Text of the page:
Late on election night in 2016, I rode the subway home from what I had hoped would be a celebration, but the car was full and quiet and covered by a pall. Perhaps not everyone was thinking of the election, but the collective sense of gloom among New Yorkers was palpable.
In that scene, I saw some of the faces from George Tooker’s arresting 1950 painting, “The Subway,”1 in which people in moods of despair and anxiety are stuck in a purgatorial subway station. They wear dull expressions and clothes in shades of brown and beige, save for the woman in front who wears an alarm-red dress.
In the year after the election, I took photos of friends and other locals to make a modern gloss on “The Subway,” one that would capture something of the spirit of New York in these times. The people in Tooker’s painting are all white; the people in my photos are more diverse, more like New York itself. Many are the very kinds of people who are most under assault in the country today—poor people, people of color, immigrants, trans people. I asked them to strike a pose like one in the painting or to do whatever illustrated their feelings about the current political moment, whether despair, anger, indifference, sorrow, or determination.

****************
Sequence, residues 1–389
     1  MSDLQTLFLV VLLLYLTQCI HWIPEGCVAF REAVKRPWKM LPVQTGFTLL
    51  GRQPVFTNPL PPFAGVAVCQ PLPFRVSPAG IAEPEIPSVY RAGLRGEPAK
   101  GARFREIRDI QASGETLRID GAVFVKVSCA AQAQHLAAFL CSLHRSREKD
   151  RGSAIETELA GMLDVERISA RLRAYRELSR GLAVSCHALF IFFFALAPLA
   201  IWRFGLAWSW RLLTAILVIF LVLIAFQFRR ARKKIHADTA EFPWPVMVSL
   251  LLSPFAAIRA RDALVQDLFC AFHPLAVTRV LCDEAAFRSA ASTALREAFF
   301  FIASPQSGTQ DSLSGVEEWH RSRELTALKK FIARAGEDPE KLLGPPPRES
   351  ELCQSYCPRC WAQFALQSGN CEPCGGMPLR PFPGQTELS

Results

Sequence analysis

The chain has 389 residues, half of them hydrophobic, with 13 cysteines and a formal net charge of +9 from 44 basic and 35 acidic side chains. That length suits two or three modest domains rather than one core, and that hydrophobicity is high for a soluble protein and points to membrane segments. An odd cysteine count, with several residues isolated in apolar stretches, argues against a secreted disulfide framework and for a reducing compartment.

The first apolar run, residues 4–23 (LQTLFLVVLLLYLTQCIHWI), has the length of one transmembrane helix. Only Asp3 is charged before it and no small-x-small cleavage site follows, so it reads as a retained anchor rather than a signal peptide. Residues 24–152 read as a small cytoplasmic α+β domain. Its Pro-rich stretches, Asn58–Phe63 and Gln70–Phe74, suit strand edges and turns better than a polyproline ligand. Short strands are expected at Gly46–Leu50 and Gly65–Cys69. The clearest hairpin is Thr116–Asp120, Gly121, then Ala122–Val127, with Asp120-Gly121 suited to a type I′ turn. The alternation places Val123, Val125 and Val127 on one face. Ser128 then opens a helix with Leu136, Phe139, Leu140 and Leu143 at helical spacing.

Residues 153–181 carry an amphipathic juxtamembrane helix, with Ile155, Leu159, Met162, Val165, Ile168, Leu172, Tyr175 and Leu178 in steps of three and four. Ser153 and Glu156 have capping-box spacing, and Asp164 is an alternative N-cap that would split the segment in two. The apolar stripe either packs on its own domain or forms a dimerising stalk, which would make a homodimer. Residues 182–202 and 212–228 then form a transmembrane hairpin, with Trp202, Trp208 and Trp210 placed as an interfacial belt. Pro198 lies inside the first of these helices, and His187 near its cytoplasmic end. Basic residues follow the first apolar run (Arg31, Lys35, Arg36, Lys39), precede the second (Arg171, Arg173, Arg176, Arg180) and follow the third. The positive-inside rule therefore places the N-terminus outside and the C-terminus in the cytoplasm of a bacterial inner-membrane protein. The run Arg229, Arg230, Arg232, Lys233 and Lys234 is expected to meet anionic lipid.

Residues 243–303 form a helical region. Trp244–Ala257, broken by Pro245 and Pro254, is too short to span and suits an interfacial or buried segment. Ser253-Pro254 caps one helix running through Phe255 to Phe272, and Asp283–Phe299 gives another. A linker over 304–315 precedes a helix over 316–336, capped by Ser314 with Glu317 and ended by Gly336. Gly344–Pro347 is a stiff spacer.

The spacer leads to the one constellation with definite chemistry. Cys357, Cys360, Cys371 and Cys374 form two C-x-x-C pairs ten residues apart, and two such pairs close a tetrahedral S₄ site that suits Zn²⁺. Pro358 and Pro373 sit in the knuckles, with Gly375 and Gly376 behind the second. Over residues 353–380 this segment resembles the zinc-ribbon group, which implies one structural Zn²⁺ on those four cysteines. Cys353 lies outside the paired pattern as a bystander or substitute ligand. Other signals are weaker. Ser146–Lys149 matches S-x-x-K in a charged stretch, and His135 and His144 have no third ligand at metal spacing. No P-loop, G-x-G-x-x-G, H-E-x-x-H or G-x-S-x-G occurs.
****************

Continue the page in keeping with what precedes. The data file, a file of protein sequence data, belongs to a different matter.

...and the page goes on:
In the painting, there is a maze of pillars and gates with no indication of an exit. Downstairs there are no trains. The passageway in the center seems to end in a wall. Even the stairs on the right lead up only to another level of gray; a man seems to guard the would-be exit, but perhaps only to say, “Don’t bother. You can’t leave.”
In the painting, there is no way out. In New York, and in the country today, we must make one.
The series continues. If you’d like to pose for a picture, please contact me at TheSubwayToday@gmail.com.